Trauma Informed Care: Addressing DISTRESS

 Addressing Distress includes optimizing pain management, as well as helping children cope with any fears and worries.

While referral to social work or child life services may be a part of the picture, there is much that frontline health care professionals are uniquely positioned to do.


How do I do this?

  • Do what you can to reduce unnecessary exposure to traumatic - possibly distressing - elements within the hospital environment. Some things cannot be changed, but look for ways to minimize children’s exposure to scary sights and sounds, separation from parents, etc.
  • Actively assess and treat pain, using your hospital’s protocol. Optimal pain management reduces the risk of traumatic stress reactions and PTSD.
  • Provide the child with age-appropriate information about what is happening. To ensure they understand, ask the child to explain what is happening in their own words, and then clarify any misconceptions.
  • Provide the child with choices when possible - i.e. about positioning during a procedure
  • Ask directly about fears and worries, and listen carefully to understand and address these. Remember that a child’s perspective may be quite different from our own.
  • Provide reassurance and realistic hope. Describe to both the child and parent what is being done to help them feel better. Make sure not to promise things which can’t be guaranteed.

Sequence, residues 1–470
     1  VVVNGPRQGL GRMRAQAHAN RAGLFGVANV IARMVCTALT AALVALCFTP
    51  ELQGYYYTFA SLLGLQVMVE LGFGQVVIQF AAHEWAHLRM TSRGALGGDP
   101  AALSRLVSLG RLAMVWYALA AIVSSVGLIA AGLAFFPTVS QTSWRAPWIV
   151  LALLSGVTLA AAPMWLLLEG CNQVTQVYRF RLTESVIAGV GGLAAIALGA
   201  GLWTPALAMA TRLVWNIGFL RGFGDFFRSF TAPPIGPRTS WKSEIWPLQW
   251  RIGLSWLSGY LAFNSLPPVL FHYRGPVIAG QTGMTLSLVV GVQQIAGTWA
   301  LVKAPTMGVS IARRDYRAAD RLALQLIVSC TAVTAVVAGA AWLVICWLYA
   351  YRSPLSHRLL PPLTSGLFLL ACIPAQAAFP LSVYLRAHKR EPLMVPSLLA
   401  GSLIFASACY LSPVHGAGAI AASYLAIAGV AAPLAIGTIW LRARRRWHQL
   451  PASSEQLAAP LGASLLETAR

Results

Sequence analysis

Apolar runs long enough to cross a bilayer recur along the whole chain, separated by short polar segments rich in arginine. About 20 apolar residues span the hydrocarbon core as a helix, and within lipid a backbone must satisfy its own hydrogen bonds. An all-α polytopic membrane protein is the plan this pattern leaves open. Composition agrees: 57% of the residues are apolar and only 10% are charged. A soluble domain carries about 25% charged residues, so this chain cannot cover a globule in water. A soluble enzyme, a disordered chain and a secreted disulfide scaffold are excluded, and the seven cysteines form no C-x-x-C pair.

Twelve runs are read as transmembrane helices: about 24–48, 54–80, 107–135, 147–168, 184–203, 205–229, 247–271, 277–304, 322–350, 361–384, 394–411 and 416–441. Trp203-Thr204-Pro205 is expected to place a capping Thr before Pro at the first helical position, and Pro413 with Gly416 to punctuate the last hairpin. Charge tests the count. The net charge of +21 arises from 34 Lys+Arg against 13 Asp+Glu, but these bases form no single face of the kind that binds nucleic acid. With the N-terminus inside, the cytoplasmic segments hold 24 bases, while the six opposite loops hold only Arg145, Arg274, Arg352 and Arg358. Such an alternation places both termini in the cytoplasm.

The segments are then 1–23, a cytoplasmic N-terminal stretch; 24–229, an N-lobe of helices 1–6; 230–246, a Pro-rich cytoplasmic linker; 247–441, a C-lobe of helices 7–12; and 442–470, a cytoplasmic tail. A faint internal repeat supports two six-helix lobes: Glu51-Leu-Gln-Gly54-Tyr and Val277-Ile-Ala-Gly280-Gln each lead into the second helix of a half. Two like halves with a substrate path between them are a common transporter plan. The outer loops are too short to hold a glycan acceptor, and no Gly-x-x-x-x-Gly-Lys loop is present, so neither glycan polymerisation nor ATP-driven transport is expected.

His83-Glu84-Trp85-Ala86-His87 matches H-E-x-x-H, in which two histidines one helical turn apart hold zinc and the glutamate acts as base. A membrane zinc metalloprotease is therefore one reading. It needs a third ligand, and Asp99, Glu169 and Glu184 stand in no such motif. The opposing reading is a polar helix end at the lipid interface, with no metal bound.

Case example: Meet Anthony

After a recent illness, 8-year-old Anthony’s parents noticed an increase in his shortness of breath, coughing, and wheezing. His symptoms did not seem to relieve completely with nebulized albuterol treatments.

A few days ago, when his mother noticed him having trouble breathing, she brought Anthony to the Emergency Department at your hospital. He was admitted for IV steroids and O2 therapy.

Over the first day of his admission, you notice that Anthony is often whiny and fearful when the health care team interacts with him to provide care. Now, while you are in the room, Anthony’s parents remind him that he really needs to cooperate with the nurse so that he can get better. Anthony reacts with anger to this, saying “You can’t tell me what to do!”


What would you do next?

To address Distress, you might:

  • Assess Anthony’s current pain level to be sure that this is not a reason for his irritability.
  • Strike up a conversation with Anthony and his parents about how it’s been going since he got to the hospital. Ask “Anything especially worrying you?”

This is a great opportunity to assess Anthony’s distress and help both you and his parents learn about anything that's worrying him. There will often be multiple opportunities in the course of your regular patient care interactions when you can be alert to a patient’s concerns and follow up with a simple question or two.

Want to learn more about addressing distress with your patients? Take an interactive online course “D is for Distress” - with free CE credits for nurses.